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A plan to house hundreds of illegal immigrant children at a multimillion-dollar hotel complex in Texas was scuttled after the prospect of taxpayers footing the bill for luxury lodging proved too much of a public relations obstacle.
BCFS, previously known as Baptist Child and Family Services, which has a contract with the Department of Health and Human Services to run camps at Lackland Air Force Base in San Antonio and Fort Sill in Oklahoma, had a deal to buy the Palm Aire Hotel in Weslaco, Texas, for $3.8 million. The hotel was built in the 1980s and includes three swimming pools, tennis courts and an exercise room.
"This proposal sought to find a solution for providing safe, humane care for the children flooding across the border and overwhelming U.S. Border Patrol and communities," BCSF said in a statement announcing the deal was scrapped. "BCFS is thankful to the City of Weslaco for their consideration and support, and is disappointed that misinformation has fueled so much negativity against this effort that its success is likely jeopardized."
Officials said the project never reached the point of submitting a proposal to the U.S. Department of Health and Human Services, but one of the hotel's current owners confirmed that a sales agreement with BCSF had been in place.
The deal died Wednesday afternoon, hours after FoxNews.com reported that as many as 600 children between the ages of 12-17 could be placed at the Palm Aire, where BCFS would also provide medical and mental health care and educational and recreational programs under a contract that sources said could total as much as $50 million.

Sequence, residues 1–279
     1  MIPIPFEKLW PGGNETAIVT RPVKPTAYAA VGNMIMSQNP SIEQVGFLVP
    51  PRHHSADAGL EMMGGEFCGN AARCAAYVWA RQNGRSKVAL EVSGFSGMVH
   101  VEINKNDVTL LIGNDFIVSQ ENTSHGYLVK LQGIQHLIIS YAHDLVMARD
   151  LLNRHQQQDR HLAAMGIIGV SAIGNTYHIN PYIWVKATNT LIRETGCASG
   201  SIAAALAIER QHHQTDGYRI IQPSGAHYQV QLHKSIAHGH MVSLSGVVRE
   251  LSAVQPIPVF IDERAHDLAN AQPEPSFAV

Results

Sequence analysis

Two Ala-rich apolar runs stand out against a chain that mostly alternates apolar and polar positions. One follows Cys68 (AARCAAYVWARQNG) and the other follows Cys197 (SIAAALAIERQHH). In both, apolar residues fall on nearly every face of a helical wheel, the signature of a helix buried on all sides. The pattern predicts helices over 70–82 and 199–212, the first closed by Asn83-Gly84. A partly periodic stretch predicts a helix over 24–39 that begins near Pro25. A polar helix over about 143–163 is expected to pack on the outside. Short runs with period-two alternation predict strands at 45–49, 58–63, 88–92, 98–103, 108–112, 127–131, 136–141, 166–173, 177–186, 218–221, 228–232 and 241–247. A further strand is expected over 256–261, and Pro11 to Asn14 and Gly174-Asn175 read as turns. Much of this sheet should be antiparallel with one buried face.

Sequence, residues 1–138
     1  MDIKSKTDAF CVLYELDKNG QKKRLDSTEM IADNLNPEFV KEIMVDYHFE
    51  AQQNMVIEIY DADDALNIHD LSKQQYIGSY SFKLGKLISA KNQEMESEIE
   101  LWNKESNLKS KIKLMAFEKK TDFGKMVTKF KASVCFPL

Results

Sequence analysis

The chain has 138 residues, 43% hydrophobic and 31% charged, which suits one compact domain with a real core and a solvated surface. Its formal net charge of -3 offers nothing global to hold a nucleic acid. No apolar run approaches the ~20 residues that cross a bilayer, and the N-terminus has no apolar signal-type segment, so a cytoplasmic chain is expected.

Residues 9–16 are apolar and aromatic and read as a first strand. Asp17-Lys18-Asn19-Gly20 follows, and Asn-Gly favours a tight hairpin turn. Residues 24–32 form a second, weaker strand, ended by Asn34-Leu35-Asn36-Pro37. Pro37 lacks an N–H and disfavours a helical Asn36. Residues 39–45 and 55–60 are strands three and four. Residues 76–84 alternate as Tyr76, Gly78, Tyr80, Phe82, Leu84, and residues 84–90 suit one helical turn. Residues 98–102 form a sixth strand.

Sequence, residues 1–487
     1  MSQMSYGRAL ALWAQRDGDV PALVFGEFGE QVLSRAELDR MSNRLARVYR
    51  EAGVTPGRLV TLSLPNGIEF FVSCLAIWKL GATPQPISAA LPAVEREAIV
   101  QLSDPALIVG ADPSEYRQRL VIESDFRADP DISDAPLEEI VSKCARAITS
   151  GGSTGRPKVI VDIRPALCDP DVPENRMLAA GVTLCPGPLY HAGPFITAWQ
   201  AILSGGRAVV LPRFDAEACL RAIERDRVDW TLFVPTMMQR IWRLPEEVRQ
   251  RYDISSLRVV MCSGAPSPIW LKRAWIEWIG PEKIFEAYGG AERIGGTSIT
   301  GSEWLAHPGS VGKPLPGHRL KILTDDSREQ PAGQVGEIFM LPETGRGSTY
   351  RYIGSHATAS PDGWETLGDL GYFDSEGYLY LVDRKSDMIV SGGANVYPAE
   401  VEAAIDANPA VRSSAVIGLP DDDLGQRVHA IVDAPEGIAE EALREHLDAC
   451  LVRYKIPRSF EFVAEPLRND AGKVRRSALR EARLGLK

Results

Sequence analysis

The Palm Aire Hotel is not exactly Club Med -- but the 7-acre site features three swimming pools, lighted tennis courts, concierge service and a Jacuzzi. The property also has around 10,000 square feet of retail and meeting space.
Weslaco is part of the complex of communities that includes McAllen at Texas' extreme southern border, where tens of thousands of unaccompanied children from Central America have crossed over from Mexico, overwhelming Border patrol facilities. Federal agencies and non-governmental organizations have been scrambling for places to house the massive surge of illegal immigrants.
BCSF had planned to hire 650 workers – some making upward of $45 per hour - to staff the facility, according to sources.
Officials said the location made sense, even if it made for bad optics.
"The facility also would have allowed for the quick transfer of children in Border Patrol custody in South Texas to a residential child care facility, and then expedited release to their families," BCFS officials said. "The average length of stay was expected to be 15 days. During that time, children would be provided room and board, in addition to basic education, recreational activities, medical and mental health care, case management, and religious services, if they chose to participate. The children would not have attended public school."
But images of the hotel's amenities generated a backlash that officials said could not be overcome.
"We are not going to continue with trying to purchase that hotel," a source close to the plan told Fox News. "It was just too controversial. We should have known better, no matter what the cost."